The big headline goes to the U.N. conference, at which the U.S.S.R. is putting forward demands for an inquiry into the strength of Anglo-American forces in ex-enemy or allied countries. This is obviously intended to forestall a demand for inspection of forces inside the U.S.S.R., and it is plain to see that the resulting discussion will lead to nothing except recriminations and a prestige victory for this side or that, with no advance, and no attempt at any advance, towards genuine international agreement.
The fighting in Greece is growing more serious. The constitutional opposition is swinging more and more towards support of the rebels, while the Government is alleging that the so-called rebels are in fact guerrillas operating from across the frontier.
There is further delay in calling the Indian Constituent Assembly (this column has a footnote: ‘Blood-bath in India: Page Two’), and Mr Gandhi has starved himself into a condition which is causing anxiety.
The American coal strike is continuing, and is likely to ‘have disastrous effects on world grain supplies’. Owing to other recent strikes, the United States has cancelled delivery of two million tons of steel to Britain, which will further complicate the British housing problem. There is also an unofficial ‘go slow’ movement on the Great Western Railway.
Another bomb has gone off in Jerusalem, with a number of casualties. There is also news of various minor unavoidable calamities, such as a plane crash, the likelihood of floods all over England, and a collision of ships in the Mersey, with the apparent loss of 100 head of cattle, which I suppose would represent one week’s meat ration for about 40,000 people.
There is no definitely good news at all on the front page. There are items, such as a rise in British exports during October, which look as if they might be good, but which might turn out to be bad if one had sufficient knowledge to interpret them. There is also a short statement to the effect that the occupying powers in Germany ‘may’ shortly reach a better agreement. But this is hardly more than the expression of a pious wish, unsupported by evidence.
I repeat that this pageful of disasters is merely the record of an average day, when nothing much is happening: and incidentally it occurs in a newspaper which, rather than most, tries to put a good face on things.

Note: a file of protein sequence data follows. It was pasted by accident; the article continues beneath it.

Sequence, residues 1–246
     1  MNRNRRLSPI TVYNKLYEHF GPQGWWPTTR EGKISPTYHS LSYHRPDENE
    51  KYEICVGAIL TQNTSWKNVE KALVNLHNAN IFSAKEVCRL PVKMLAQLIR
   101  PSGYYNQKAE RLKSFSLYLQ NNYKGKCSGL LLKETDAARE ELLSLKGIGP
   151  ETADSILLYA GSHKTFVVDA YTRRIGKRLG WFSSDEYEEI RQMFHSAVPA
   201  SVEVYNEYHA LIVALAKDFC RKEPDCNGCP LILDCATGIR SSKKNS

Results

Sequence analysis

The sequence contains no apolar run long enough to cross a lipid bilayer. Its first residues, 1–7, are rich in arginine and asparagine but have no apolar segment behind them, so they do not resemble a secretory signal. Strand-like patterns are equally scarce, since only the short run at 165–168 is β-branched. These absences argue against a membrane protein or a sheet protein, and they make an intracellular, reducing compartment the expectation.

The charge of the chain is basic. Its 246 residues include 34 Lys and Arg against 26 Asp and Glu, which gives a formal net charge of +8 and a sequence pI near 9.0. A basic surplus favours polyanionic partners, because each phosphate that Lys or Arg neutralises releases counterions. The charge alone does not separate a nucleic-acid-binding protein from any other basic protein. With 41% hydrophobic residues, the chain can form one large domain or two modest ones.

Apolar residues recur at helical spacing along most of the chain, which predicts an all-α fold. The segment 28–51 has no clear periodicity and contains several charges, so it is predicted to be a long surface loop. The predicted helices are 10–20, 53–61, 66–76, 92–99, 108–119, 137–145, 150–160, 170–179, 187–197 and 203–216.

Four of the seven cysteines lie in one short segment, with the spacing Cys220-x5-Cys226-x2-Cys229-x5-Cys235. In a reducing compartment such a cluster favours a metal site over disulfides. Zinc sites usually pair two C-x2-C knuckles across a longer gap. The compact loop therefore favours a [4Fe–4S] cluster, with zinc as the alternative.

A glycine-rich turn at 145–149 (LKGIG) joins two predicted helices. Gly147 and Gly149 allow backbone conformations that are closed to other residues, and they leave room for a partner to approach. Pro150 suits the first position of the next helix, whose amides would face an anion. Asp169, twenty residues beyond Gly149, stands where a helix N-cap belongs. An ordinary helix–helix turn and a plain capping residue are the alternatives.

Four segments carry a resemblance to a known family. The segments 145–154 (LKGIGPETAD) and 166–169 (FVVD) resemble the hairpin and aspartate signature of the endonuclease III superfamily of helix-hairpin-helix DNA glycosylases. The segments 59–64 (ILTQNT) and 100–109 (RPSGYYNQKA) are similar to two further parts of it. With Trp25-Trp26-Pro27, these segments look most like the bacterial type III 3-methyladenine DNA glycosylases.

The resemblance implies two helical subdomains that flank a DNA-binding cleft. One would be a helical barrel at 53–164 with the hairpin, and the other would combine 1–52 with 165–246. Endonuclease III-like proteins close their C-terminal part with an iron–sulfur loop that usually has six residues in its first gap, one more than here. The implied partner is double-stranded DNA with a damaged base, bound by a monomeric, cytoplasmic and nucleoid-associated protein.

When one considers how things have gone since 1930 or thereabouts, it is not easy to believe in the survival of civilization. I do not argue from this that the only thing to do is to adjure practical politics, retire to some remote place and concentrate either on individual salvation or on building up self-supporting communities against the day when the atom bombs have done their work. I think one must continue the political struggle, just as a doctor must try to save the life of a patient who is probably going to die. But I do suggest that we shall get nowhere unless we start by recognizing that political behaviour is largely non-rational, that the world is suffering from some kind of mental disease which must be diagnosed before it can be cured. The significant point is that nearly all the calamities that happen to us are quite unnecessary. It is commonly assumed that what human beings want is to be comfortable. Well, we now have it in our power to be comfortable, as our ancestors had not. Nature may occasionally hit back with an earthquake or a cyclone, but by and large she is beaten. And yet exactly at the moment when there is, or could be, plenty of everything for everybody, nearly our whole energies have to be taken up in trying to grab territories, markets and raw materials from one another. Exactly at the moment when wealth might be so generally diffused that no government need fear serious opposition, political liberty is declared to be impossible and half the world is ruled by secret police forces. Exactly at the moment when superstition crumbles and a rational attitude towards the universe becomes feasible, the right to think one’s own thoughts is denied as never before. The fact is that human beings only started fighting one another in earnest when there was no longer anything to fight about.